BWW Reviews: THE FULL MONTY Builds to a Crescendo of Laughter and Heart
The Full Monty, which opened Maine State Music Theatre's fifty-seventh season, has all the makings of a new hit for the company! The rollicking, sometimes raucous story of unemployed Buffalo steel workers who create a male strip act to make money has characters to embrace and identify with, clever and provocative dance numbers, music which underscores advances the dramatic development of the script, and one of the most anticipated final numbers in all of Broadway musicals. In addition, at MSMT in a shared production with Lancaster's Fulton Theatre, the David Yazbek -Terrence McNally show is blessed with a stunning ensemble and witty, heartfelt direction and choreography by Donna Drake.
Drake does a brilliant job of creating riotously funny dances for her awkward set of blue-collar heroes, these contrasted to the idiomatic strip tease numbers for the opening club scene, or to the graceful, rhythmically intricate "Michael Jordan's Ball," and her handling of the show-stopping final number, "Let It Go," justifies the anticipation. Moreover, she fleshes out the heart and genuine emotion in Terrence McNally's somewhat skeletal book and balances moments of wistful introspection and tenderness with robust, raunchy humor.
Music Director Aaron McAllister leads the eight-person pit band with brio in a score that is less about tuneful melody and more about characterful expression. The spare, but effective set by Robert Klingelhoefer, assisted by Katelin Walsko's prop design, evokes the gray grimness of the Buffalo mill and through a series of rapidly gliding carts effects the changes to other locales - all without interrupting the flow of the action. Anthony Lascoskie, Jr. provides the colorful contemporary costumes, while Annemarie Duggan's lighting design captures the somber mill atmosphere, the warmth of the domestic scenes, and the glitz of the strip club, and her solution to "Let It Go" helps make the daring impact of that climactic number. Brett Rothstein creates a well-balanced sound scape.
The Full Monty is very much an ensemble show whose message and method require teamwork and rapport. At the story's core are the six steelworker-strippers, whose zany adventure brings them so many more rewards than the monetary ones of which they dreamed. Agile in voice and dance, Peter Matthew Smith plays Jerry Lukowski with an appealing nonchalance and "guy next door" charm, and he gives the character depth in his obvious feelings for his ex-wife, his son, and his best friend. Jayson Elliott makes his overweight pal, Dave Bukatinsky, a loveable teddy bear of an overgrown boy and he uses his clear tenor with touching sweetness in "You Rule My World." Kingsley Leggs brings a strong vocal and dramatic presence to "Horse" Simmons, and he delights in his audition dance number "Big Black Man." As Harold Nichols, Jonathan Rayson displays a strong lyric voice and graceful dance presence, and makes the former company boss a sympathetic, vulnerable character. Chuck Ragsdale brings a gentle intensity to the role of Malcolm, the dim, mother-fixated security guard who finds love in the person of a fellow stripper, Ethan Girard, played with deft humor by Michael J. Austin. Malcolm's Act II number, "You Walk with Me," in which he and Ethan declare their love is poignantly sung.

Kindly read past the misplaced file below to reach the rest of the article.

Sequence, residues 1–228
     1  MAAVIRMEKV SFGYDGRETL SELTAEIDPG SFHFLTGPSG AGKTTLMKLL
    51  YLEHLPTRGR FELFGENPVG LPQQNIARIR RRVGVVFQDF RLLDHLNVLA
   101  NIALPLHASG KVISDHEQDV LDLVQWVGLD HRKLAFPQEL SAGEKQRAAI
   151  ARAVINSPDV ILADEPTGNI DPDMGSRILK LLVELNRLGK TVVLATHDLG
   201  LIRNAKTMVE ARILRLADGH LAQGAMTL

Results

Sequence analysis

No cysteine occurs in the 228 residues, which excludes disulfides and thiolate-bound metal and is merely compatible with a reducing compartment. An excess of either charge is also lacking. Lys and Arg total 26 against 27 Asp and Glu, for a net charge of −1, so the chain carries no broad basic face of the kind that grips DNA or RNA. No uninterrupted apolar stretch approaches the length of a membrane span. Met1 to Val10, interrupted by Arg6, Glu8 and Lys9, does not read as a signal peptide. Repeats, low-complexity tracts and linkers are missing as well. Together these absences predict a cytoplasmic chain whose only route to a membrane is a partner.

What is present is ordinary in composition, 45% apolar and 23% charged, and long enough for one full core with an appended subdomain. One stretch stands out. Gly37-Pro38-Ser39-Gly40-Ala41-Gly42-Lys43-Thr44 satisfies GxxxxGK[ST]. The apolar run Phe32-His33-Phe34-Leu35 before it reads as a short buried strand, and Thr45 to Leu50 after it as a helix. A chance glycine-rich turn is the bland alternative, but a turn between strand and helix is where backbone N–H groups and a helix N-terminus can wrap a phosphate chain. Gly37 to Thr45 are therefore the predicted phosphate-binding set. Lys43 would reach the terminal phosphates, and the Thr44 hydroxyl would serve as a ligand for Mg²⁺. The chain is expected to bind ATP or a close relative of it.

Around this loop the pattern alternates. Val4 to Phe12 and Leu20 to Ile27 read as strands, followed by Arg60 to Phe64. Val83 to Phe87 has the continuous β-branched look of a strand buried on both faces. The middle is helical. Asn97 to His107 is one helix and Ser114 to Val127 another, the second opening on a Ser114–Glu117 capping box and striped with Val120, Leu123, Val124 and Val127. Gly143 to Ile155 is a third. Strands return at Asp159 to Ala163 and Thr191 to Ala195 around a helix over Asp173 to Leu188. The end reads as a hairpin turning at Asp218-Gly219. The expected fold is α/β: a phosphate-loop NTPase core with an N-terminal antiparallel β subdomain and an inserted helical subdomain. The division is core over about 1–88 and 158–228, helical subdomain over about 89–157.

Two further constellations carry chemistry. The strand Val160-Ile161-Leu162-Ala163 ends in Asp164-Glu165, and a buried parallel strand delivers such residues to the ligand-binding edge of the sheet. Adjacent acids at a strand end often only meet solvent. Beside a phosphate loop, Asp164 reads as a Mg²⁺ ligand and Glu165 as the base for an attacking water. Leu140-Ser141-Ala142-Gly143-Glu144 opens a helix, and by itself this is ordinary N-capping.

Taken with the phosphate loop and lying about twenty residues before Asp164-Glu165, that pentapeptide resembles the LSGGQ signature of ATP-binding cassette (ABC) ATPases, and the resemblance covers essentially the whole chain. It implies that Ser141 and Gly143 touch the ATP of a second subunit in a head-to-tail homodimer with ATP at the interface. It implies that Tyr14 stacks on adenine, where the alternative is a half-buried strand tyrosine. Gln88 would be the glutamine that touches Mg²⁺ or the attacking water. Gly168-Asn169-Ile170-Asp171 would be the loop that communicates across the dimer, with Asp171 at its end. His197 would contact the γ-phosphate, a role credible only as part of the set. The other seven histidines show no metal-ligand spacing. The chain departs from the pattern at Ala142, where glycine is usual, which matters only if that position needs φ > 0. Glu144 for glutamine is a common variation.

Among the contingent of ladies, Amanda Rose makes the most of the small, but crucial role of Pam Lukowski, Jerry's disappointed ex-wife; she suggests both the character's toughness and inner sensitivity, her lost hopes and her perhaps as-not-yet-extinguished torch. Charis Leos makes a bold, brassy, yet endearing Georgie Bukatinsky, compassionate and loving - a woman who has not lost her sense of humor throughout all the recent trials, and, as always, she lights up the stage when she sings and dances. Laurie Wells provides a delightful contrast as the yuppie social matron Vicki Nichols, who has to face the newfound economic realities of her husband's job loss. And Sandy Rosenberg has some show-stopping moments as the aging, tough-talking pianist, Jeannette Burmeister.
In the fine supporting cast, young Austin Nedrow plays Jerry's son Nathan with disarming wisdom and warmth; Seth Danner is an outrageously funny, sexy, athletic male stripper; David Girolomo endows the union steward, Reg Willoughby, with kindness and understated humor, and his disastrously awkward audition number is a show highlight. Mark Merritt is a zesty Tony Giordano; Jonathan Grunert is appropriately earnest as Teddy, Pam's current boyfriend; Jillian Jarrett; Cary Michele Miller, and Megan Elyse Fulmer round out the cast as a trio of local women out to prove "It's a Woman's World;" while Jordan Ross Weinhold and Brian Maurice Kinnard deliver well-etched cameos.
MSMT has dubbed 2015 its "season of smiles," and indeed, their production of the The Full Monty will make the audience smile. But it will do much more than that. As the evening unfolds with its endearing, zany, sympathetic story and identifiably loveable characters, those smiles will build to a crescendo of laughter - big, hearty, warm, laughter coupled with genuine feel-good emotion. It's an experience not to be missed!
Photos COurtesy Maine State Music Theatre, Urdaneta Photography
THE FULL MONTY runs from June 3 - June 20, 2015, at the Pickard Theatre, Brunswick, ME 207-725-8769 www.msmt.org